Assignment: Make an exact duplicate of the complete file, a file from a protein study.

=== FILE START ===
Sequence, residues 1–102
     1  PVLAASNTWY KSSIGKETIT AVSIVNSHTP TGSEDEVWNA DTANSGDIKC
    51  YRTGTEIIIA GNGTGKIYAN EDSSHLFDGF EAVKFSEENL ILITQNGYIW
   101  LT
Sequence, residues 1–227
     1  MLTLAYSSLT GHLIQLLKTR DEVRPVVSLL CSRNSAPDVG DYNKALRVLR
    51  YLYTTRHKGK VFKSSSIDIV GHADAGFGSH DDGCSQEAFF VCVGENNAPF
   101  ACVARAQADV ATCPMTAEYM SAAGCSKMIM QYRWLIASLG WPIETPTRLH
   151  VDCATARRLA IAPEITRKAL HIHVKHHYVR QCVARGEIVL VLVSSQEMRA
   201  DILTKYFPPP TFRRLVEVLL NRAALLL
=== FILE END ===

Sequence, residues 1–102
     1  PVLAASNTWY KSSIGKETIT AVSIVNSHTP TGSEDEVWNA DTANSGDIKC
    51  YRTGTEIIIA GNGTGKIYAN EDSSHLFDGF EAVKFSEENL ILITQNGYIW
   101  LT
Sequence, residues 1–227
     1  MLTLAYSSLT GHLIQLLKTR DEVRPVVSLL CSRNSAPDVG DYNKALRVLR
    51  YLYTTRHKGK VFKSSSIDIV GHADAGFGSH DDGCSQEAFF VCVGENNAPF
   101  ACVARAQADV ATCPMTAEYM SAAGCSKMIM QYRWLIASLG WPIETPTRLH
   151  VDCATARRLA IAPEITRKAL HIHVKHHYVR QCVARGEIVL VLVSSQEMRA
   201  DILTKYFPPP TFRRLVEVLL NRAALLL